Andrés Cuervo “A few weeks ago I played around with drawing on my iPad & just mirroring to a projector. Fascinated how even just this simple technique produced really fun results!!”

Lines of Code

Jules Glegg 😭

Hi, I’m a senior engineer. You might know me from my greatest hits “but why is it null?” “There is greater honor in deleting code than in writing more” And the chart-topping “let’s just walk over to them and ask”


Andrew Wilkinson 👇 If you're hiring, then you better be looking out for these red flags. More in the thread. Trust, but verify, a quick reference check can make all the difference. If you're not sure, check their LinkedIn profile and ping 1st/2nd connections.

Great red flags for sketchy people:

• A series of important titles at companies that don’t seem to exist anymore

• Says former business partners are bad people/mistreated them

• Lifestyle that doesn’t match level of purported success

• Moves cities/groups often

Spike Brehm One of the best ways to level up as an individual contributor, is to spend some time as a manager. You gain perspective, and avoid a career development plateau (aka Peter principle). Kodus to companies that make it possible.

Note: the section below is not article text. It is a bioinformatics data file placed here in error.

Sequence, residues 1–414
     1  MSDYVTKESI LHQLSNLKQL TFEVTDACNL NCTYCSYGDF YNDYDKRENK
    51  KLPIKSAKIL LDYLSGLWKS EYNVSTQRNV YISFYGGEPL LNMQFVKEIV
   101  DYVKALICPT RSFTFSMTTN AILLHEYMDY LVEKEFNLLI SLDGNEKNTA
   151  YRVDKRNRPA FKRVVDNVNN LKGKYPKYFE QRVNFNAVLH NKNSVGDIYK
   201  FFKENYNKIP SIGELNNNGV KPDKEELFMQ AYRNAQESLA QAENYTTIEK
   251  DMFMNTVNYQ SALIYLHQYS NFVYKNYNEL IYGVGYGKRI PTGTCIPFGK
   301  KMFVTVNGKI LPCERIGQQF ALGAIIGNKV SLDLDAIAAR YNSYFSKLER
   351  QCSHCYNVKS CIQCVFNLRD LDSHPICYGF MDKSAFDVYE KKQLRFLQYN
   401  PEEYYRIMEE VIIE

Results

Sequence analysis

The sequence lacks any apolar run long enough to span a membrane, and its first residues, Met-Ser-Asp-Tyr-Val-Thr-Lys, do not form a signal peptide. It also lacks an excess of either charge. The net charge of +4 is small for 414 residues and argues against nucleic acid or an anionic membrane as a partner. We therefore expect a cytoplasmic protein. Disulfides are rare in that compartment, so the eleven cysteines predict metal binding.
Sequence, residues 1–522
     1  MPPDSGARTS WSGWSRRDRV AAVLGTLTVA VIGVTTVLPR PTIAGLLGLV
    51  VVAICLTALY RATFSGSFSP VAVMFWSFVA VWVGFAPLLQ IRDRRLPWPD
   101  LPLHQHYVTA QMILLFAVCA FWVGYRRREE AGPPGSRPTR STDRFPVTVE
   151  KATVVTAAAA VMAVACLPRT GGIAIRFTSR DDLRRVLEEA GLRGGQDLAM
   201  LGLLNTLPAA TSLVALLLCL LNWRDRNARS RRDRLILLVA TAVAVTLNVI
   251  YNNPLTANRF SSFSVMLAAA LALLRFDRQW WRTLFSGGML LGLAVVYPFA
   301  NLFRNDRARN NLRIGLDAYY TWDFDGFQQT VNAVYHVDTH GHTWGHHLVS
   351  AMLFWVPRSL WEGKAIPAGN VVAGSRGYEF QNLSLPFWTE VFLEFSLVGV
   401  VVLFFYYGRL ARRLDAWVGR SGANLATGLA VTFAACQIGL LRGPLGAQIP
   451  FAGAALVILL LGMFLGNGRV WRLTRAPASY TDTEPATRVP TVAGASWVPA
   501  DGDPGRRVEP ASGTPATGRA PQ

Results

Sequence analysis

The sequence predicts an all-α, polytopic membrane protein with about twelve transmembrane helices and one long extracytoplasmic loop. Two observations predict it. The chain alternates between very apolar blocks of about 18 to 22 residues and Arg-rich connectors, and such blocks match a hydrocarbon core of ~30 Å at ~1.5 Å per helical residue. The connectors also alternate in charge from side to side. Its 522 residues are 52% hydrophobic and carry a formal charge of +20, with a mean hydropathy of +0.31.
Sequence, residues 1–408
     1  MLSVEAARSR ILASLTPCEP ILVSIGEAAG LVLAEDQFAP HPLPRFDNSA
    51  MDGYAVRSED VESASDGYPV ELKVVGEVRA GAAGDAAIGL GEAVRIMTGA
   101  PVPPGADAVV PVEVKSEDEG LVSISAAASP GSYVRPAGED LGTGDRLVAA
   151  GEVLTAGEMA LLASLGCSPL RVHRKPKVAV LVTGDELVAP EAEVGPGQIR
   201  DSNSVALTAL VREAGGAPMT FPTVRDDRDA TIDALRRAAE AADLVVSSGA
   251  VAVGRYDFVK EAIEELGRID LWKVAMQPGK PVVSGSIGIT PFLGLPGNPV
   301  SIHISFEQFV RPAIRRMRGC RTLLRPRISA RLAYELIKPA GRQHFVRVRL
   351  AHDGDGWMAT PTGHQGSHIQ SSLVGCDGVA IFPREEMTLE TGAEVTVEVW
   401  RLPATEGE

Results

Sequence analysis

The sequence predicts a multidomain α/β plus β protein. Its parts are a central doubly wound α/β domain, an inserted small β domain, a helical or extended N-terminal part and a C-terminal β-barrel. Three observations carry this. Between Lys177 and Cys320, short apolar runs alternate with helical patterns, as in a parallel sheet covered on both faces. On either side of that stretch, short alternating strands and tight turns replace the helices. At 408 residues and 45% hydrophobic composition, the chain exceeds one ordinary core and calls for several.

I learned a ton as a manager: the importance of generating clarity, of clear goals, of creating a good team environment; navigating budgeting & headcount, navigating bureaucracy. Many lessons I can still use as a senior IC to get shit done in the company.


Rúnar 👇 I hired several developers that way. 5 stars. If you can, this is the best way to go about it:

Here's a crazy idea for technical interviews. Instead of whiteboard coding, 45-minute algorithms challenges, and brain-teasers, ask the candidate to bring some code they wrote. It can be anything. The interview is then just a code review.

How to manage a highly sensitive person Chances are there's one on your team:

As an executive coach and HSP myself, people often ask me how to manage highly sensitive people in the workplace. It first and foremost requires correcting the belief that sensitivity is a defect. Perceiving the world more deeply is a gift—one that can be leveraged to spark creativity, innovation, and professional growth. In fact, sensitive people are consistently rated as top performers in their organizations. HSPs tend to be well-liked by managers and appreciated for their thoughtfulness, even if they get overwhelmed from time to time. Nevertheless, being highly sensitive can present challenges for managing stress, pressure, and relationships in the workplace.